Current Economic Impacts on the Furniture Business

“The only thing we have to fear is fear itself.”    

                -FDR

                                “…and zombies.  It is good to be scared of zombies.”

                                                -KA

Uncharacteristically, I’ve spent several months deciding whether to write this column, but I’ve spent a lot of time thinking about this and, heck, it is my column, so here goes….

Have the economic woes that affected other businesses affected the furniture industry?  You betcha.

Americans spent $77.1 billion on furniture and bedding in 2008.  To give this a sense of scale, we spent $41.2 billion on our pets in 2007.  During the first half of 2008, furniture sales were down 9.3% over the previous year and, and in the just the fourth quarter, down 28%.  As we buy more of our furniture at Wal-Mart or other non-furniture stores, sales in furniture stores dropped 11% for the year.

And these numbers play out in the details.  Ethan Allen is closing their Pennsylvania upholstery plant.  Shermag, in Canada, has stopped domestically making furniture (they made great maple pieces).  More locally, Stanton International in Tualatin, OR, has closed their doors. Wickes furniture, a retailer in more than a dozen locations in California and Oregon, quit business.  South Coast Home Furnishings Centre lost $63M in value and is in receivership.  Underhill, a Seattle based business, is closing 4 stores.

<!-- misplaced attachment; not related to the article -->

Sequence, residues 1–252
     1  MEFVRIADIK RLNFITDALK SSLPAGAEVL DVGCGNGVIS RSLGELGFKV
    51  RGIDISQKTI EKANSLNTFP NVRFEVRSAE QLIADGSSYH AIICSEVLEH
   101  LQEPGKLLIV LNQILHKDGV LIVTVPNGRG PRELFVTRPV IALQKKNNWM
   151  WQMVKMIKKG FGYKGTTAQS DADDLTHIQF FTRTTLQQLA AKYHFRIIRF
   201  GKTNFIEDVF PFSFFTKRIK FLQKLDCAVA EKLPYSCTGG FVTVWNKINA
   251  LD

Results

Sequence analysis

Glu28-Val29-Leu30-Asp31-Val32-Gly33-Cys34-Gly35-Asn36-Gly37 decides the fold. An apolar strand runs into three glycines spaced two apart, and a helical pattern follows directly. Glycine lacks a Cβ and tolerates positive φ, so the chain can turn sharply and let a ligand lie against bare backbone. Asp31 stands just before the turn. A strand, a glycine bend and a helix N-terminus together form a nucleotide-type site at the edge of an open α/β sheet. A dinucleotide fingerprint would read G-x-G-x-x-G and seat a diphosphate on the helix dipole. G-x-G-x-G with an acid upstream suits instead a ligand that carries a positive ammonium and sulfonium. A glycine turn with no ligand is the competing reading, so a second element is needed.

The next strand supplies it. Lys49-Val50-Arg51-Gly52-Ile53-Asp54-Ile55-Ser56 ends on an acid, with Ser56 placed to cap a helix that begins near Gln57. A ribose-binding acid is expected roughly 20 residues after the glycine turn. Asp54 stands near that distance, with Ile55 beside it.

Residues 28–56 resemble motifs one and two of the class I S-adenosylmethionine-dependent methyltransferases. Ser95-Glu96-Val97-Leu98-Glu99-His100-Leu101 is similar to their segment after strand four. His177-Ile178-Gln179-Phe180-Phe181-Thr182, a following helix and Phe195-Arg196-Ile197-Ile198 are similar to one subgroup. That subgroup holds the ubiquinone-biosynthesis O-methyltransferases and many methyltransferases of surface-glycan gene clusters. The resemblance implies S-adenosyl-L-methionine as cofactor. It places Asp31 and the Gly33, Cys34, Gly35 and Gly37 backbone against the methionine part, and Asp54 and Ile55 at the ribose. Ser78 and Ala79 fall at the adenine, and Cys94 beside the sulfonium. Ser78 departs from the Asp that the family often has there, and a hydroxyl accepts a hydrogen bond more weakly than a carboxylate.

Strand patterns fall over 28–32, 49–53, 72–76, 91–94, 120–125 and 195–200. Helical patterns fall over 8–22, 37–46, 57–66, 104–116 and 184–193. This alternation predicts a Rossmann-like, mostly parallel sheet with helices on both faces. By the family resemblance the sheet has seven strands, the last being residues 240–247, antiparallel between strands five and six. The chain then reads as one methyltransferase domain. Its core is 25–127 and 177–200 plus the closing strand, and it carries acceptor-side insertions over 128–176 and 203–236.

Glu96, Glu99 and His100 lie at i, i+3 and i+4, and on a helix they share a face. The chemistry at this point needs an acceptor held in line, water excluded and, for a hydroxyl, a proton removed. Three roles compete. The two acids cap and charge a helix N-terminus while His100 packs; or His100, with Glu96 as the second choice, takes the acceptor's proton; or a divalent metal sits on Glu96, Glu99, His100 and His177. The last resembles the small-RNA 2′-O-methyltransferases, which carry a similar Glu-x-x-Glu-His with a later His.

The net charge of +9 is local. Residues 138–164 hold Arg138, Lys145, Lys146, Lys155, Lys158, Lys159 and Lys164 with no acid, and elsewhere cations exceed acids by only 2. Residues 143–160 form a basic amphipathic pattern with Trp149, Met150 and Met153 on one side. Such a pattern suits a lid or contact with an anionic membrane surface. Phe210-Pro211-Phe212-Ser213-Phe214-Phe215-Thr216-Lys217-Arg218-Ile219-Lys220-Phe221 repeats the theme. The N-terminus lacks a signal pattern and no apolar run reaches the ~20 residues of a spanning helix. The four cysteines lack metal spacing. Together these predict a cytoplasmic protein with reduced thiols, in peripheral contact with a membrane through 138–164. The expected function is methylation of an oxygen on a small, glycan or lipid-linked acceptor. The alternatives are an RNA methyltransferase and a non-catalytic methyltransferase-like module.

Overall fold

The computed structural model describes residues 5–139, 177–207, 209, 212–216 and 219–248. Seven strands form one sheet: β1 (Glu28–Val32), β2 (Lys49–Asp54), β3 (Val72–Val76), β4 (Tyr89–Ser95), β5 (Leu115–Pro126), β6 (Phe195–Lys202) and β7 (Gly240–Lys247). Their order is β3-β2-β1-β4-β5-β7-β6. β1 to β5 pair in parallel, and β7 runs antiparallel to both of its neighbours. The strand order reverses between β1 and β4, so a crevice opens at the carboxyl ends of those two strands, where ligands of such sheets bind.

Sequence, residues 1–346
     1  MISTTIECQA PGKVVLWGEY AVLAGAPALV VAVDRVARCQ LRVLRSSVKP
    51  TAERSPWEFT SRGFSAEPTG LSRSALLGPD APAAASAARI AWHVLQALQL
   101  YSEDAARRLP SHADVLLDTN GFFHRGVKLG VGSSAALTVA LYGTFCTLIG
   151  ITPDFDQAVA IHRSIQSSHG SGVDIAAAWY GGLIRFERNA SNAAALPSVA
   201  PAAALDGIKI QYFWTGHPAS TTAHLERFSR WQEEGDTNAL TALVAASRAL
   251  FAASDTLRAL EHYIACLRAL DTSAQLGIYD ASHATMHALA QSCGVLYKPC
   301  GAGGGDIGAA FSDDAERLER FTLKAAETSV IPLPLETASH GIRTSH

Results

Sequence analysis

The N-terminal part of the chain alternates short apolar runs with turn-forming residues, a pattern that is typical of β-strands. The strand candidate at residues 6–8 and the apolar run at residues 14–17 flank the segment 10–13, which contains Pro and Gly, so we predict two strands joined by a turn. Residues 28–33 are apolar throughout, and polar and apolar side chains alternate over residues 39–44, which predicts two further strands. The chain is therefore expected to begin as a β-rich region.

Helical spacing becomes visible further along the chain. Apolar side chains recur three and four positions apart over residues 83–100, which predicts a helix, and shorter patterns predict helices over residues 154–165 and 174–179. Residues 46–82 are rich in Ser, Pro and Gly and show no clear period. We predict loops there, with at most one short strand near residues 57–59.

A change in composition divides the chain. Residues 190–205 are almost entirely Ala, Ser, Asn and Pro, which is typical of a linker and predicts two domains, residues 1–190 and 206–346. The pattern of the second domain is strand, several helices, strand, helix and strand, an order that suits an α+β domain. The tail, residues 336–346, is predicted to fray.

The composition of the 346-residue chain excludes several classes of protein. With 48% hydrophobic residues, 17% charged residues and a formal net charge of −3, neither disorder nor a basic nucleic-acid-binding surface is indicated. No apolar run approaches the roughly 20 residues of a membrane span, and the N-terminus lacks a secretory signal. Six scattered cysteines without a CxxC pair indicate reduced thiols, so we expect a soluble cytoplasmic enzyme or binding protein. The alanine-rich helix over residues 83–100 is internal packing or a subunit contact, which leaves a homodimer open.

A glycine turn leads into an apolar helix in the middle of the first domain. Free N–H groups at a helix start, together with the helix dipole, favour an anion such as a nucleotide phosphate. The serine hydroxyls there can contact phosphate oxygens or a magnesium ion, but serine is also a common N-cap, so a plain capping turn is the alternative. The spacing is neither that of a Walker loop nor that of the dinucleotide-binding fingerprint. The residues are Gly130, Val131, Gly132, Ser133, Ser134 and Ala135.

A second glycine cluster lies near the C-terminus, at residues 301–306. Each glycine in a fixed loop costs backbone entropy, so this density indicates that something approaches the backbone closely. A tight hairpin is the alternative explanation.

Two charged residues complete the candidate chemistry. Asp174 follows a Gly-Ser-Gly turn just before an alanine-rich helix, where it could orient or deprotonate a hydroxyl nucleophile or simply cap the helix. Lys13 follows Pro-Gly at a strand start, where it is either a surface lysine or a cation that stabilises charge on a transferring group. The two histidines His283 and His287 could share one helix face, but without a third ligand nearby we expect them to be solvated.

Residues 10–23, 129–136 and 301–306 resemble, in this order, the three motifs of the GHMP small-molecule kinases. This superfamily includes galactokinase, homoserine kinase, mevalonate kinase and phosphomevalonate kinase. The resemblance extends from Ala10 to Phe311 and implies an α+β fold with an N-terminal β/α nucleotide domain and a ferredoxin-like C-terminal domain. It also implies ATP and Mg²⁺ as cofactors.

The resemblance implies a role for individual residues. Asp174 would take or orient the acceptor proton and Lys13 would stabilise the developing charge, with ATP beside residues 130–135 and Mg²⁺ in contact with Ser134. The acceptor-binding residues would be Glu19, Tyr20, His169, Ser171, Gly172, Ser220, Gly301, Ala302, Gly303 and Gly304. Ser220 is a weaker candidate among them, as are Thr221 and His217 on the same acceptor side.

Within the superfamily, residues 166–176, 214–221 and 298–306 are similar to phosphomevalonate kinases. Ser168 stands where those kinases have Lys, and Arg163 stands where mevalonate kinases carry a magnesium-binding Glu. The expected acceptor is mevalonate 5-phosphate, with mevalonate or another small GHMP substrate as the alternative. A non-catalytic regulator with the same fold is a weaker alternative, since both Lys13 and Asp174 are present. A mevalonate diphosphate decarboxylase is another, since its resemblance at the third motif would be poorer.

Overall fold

Tempur-Pedic  sales fell 35% in the fourth quarter (although they still had profits of more than $1M).  Williams-Sonoma is cutting staff by 18% (that’s 1,400 jobs).   Sealy reported a $42M loss last quarter (that’s 26.2%).  Gottschalks, out of Fresno, filed for Chapter 11 bankruptcy.  Mainstreet Delivery has filed for Chapter 7 bankruptcy.  Macy’s is closing 11 stores.  Yarn supplier R.L. Stowe Mills is closing after 108 years in business.

Not surprisingly, this is, in part, a side effect of housing sales.  After bottoming out at 4.67M in 2008, single-family home resales are expected to rise to 4.84 in 2009 and up to 5.39M in 2010.

Not all the news is bad, of course.  There’ll never be a government bailout of the industry, there’re too many players.  Big fish eat little fish and the biggest businesses will use this opportunity to acquire smaller shops.  Wolf Furniture opened a 24,000 square foot store in Pennsylvania.  Knoxville Wholesale Furniture opened a 93,000 square foot store in Tennessee.

So, what’s the outlook?  Analysts expect a 2% future drop in furniture sales in 2009 (to $75B) and a rebound in 2010 to $78.2B.  Is it going to save you money?  Probably not.  There’s an expected .7% drop in the wholesale price which translates into a 1% drop at the retail level.

What’s my advice?

If you can afford it, buy it anyway.  The dollars you hold in your hand are intrinsically worth less (because of inflation) as time goes on and, as interest rates drop, the interest on a savings account approaches nil.  You might as well get something tangible for your money.

Shop smart.  The internet offers oodles of opportunity to compare prices and to do your research to be sure you have the best options available to you.  Compare not just price, but quality.  If you plan on keeping your furniture for a while, be sure you’re considering the life cycle cost not just the sales price.  Like my daddy said about buying tools, “life is too short to buy cheap tools”.  Give consideration to buying used items; they really don’t make ‘em like they used to.

Buy local.  It is your dollars spent locally that maintain the schools, roads and other infrastructure that makes Olympia a good place to live.  Yes, you may spend a bit more for buying locally but the dollars stay in our community and make it better.  When you shop with a local small business person, you’re dealing with a neighbor, and they’re likelier to give you good advice.

And, above all, don’t be scared.  I haven’t seen any zombies.